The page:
love, life, and the pursuit of liberation
As the Academy gets ready to award movies, artists, and technicians the prestigious Oscars, heated feelings have been surfacing about “The Help.” While some of the commentary has to do with the lack of Black presence in Hollywood unless it’s to depict us in servitude, I suspect that much of the strong feelings comes from deep rooted shame, shame about Blacks in service, as if to be in a service job is something to be embarrassed about, as the play Stick-Fly explores.
This shame is nothing new to us, and it manifests itself in many ways. At the turn of the 19th century, straightened hair and lighter skinned were valued as ways to separate ourselves from the “shame” of slavery. I remember my grandmother being disgusted about the idea of reparations. “I am NOT a slave and don’t need to be paid off,” she responded when I asked her opinion on the subject.
This shame continues today when those of us who have “made it” cringe at the “creative” names that some of us bequeath to our children. That shame continues when we hear about the latest crime spree on the news and pray that the offender isn’t black.
We attempt to mask the shame and call it race uplifting when we are the first to call out blacks and browns for standing in line for the newest Jordans (though we do the same for the newest Apple gadget), and when we lambast Lil Wayne for wearing a t-shirt to the Grammys (though the singer from Coldplay had on a ripped, bleached up tee as well).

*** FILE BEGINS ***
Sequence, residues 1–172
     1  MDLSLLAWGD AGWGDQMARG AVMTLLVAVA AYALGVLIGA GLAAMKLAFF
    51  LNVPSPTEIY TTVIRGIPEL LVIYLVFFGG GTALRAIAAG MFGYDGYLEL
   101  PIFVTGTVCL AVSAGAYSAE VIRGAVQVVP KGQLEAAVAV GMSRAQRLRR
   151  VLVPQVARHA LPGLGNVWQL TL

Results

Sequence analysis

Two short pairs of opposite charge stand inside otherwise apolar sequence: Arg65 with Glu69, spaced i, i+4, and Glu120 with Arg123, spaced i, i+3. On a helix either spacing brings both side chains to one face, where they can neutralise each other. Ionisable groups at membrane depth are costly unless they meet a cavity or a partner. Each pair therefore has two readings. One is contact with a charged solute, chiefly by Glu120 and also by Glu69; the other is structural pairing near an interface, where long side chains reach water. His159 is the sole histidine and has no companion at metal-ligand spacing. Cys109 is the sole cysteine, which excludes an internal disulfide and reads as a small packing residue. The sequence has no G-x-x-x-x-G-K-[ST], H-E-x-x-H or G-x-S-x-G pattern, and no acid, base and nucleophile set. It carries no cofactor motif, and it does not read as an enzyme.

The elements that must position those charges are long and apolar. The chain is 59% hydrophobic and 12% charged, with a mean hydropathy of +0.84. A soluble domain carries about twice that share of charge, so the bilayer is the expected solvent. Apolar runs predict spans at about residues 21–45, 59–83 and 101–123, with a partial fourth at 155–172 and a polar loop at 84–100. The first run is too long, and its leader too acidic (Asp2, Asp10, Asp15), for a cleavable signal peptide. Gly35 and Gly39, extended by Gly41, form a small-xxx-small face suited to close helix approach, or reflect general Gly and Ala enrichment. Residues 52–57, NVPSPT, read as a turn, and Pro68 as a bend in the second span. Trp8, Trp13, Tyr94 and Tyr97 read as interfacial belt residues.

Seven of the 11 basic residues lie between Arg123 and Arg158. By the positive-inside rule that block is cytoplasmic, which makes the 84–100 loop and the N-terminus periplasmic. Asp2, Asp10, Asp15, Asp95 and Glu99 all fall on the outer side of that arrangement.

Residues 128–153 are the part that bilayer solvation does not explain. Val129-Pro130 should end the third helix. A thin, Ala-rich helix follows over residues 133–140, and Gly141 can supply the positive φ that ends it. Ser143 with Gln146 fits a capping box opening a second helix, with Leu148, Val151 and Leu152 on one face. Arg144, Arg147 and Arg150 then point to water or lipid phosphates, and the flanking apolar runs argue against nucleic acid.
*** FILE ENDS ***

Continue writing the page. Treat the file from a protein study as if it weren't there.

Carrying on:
We cringe at Blue Ivy and Puma but expect nothing less than Apple Martin or Pilot Inspektor because their parents are artists and white, and that’s just what “they” do.
Underneath the shame is fear and desire to prove that we’re the good kind of Blacks. Not the same as the “ghetto” ones, the n*ggas (don’t pretend you don’t differentiate behind closed doors or screennames.) We may never admit that fear is the driving force, but I wonder what might you feel if you were to simply accept that 1) someone’s values, jobs, and choices aren’t the same as yours or reflective of you and that 2) those who would judge you because of what they see on the news or the name on their student roster will STILL judge you even if your name is Elizabeth, not Keisha and even if you graduated from Harvard, not for-profit-nursing university.
While collective responsibility and brotherhood are vital to the health of Black America (and I don’t pretend that there is a monolithic black community), I don’t think we will ever attain out true potential as long as shame is out motivating factor.
Note: At this time, I’m purposely not getting into the historical roots of the shame and other external factors. The purpose of this post is simply to name the elephant.